By Menios Papadimitriou
While the institution of the Archdiocese was founded 100 years ago, Greek Orthodox Christians trod American shores as early as 1528. Spanish conquistador Alvar Nuñez Cabeza de Vaca records “a Greek Christian,” Doroteo Teodoro, among his crewmen in a chronicle of his voyage to the new world.
The earliest worshipping community of Greek Orthodox on the continent appeared in 1768, when seven British ships replete with Peloponnesian Greeks, including an Orthodox priest, landed in East Florida’s New Smyrna—Britain’s 14th Crown colony and the largest British colonization attempt in the New World. The East Florida Company obtained a land grant from the British Crown and peopled the land with Hellenes who agreed to work as indentured servants for a contractual term. British correspondence indicates that “all such Greek settlers, after the terms of their contracts are elapsed, shall be entitled to the same quantities of land as is given to His Majesty’s native-born subjects—one hundred acres to the head of a family and fifty acres for every other person of which such family consists subject to a one-half penny per acre quit rent annually.” The British also promised that Greeks who settled in Florida would be permitted free exercise of their Orthodox religion. In fact, for decades British pamphleteers advanced the proposal that the Greeks were the right fit for populating the nascent civilization in the New World. “The Greeks who profess the Christian religion,” elaborated Georgia planter and colonial government official William Knox, “I am well assured that great numbers of these might be induced to become our subjects if the mode of their worship was tolerated and the expense of their transportation defrayed.” America “has everything which one can wish for to make the Greeks happy,” Andrew Turnbull added. Colonial records show that a church was indeed built in the Florida settlement for that purpose and an annual salary of £100 and housing was allocated for the Colony’s Greek Orthodox priest.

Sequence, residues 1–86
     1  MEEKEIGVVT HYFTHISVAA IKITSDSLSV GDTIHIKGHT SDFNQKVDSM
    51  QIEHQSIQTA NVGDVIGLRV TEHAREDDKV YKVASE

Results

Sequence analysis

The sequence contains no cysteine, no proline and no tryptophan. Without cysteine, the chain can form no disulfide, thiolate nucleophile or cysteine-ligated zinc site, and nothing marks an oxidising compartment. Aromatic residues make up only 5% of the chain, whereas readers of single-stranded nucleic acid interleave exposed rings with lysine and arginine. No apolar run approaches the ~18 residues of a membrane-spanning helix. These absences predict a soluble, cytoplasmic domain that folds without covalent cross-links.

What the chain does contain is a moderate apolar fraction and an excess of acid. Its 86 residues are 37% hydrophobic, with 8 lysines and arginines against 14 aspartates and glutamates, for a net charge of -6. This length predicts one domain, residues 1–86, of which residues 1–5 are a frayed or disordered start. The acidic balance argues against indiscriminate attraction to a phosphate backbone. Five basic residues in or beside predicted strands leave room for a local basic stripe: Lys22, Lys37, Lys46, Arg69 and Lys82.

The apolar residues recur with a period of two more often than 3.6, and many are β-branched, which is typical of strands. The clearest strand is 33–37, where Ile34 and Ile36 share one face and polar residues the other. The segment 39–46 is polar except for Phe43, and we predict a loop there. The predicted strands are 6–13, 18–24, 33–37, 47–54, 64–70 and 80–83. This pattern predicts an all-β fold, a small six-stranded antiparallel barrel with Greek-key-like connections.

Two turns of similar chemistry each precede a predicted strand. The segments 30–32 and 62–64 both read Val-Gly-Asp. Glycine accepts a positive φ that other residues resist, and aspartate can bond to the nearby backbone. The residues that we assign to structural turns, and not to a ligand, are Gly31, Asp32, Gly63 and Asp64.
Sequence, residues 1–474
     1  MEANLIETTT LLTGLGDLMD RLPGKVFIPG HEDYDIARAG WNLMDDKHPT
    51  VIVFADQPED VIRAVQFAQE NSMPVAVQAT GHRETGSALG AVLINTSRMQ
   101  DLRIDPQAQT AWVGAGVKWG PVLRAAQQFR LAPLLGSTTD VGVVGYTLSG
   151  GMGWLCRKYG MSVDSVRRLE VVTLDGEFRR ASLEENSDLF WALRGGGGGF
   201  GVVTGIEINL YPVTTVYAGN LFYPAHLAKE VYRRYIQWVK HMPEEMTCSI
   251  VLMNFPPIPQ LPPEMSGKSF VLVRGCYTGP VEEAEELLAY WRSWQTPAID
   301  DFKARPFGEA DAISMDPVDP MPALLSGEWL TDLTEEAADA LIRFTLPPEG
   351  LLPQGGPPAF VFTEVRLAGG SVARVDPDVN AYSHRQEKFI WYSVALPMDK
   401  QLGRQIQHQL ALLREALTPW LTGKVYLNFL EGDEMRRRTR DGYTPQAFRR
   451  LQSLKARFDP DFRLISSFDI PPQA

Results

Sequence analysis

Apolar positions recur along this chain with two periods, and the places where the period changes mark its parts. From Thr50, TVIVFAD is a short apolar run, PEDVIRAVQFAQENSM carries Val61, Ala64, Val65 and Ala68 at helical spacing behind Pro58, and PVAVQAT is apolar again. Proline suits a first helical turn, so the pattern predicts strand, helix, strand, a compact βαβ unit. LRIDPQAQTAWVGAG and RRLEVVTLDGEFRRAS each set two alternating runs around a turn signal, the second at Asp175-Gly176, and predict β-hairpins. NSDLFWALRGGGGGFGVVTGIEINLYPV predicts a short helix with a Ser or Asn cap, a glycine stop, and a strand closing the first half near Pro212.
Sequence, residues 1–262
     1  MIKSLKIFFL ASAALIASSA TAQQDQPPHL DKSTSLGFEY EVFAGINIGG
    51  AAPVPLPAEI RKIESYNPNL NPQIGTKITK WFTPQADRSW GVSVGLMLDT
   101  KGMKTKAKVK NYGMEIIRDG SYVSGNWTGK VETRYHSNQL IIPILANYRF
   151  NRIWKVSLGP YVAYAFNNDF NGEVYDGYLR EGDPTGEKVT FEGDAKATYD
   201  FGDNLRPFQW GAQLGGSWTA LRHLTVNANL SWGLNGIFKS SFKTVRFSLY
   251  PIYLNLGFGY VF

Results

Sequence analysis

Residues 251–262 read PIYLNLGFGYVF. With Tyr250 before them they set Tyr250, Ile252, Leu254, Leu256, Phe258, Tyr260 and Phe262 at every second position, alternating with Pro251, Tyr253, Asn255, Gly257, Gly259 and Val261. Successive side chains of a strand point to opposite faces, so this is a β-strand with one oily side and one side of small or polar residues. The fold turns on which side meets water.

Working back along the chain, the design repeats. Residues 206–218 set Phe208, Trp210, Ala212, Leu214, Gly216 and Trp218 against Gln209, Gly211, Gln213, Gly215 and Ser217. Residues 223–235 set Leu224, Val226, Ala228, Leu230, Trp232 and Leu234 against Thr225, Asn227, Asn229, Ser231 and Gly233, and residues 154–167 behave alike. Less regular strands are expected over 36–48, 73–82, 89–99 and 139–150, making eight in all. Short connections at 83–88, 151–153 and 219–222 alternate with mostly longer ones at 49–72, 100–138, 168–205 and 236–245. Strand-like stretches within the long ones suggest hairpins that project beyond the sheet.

Although the Greeks were successful in crop production, the New Smyrna colony was ill-fated. Poor living conditions and abuse triggered mutiny and rebellion. “The Greek priest was forced onto a boat with some other Greeks with whom the boat sunk and the priest was drowned,” Andrew Turnbull wrote in a 1768 letter to the Governor of East Florida. Tensions reached a breaking point in 1777 when the remaining colonists marched north, permanently abandoning the settlement for St. Augustine.
Today the first National Shrine of the Archdiocese, dedicated to St. Photios, occupies the building where the survivors of the New Smyrna Colony found refuge. The new video shares this little-known episode in Greek-American and Orthodox Christian history and invites viewers to visit the special space in America’s oldest city, which celebrates its fortieth anniversary this year.
While Orthodox Christians existed under the many flags of the American colonial period, the next Greek Orthodox community would not be established until nearly a century after the Declaration of Independence.
Source: Greek Orthodox Archdiocese of America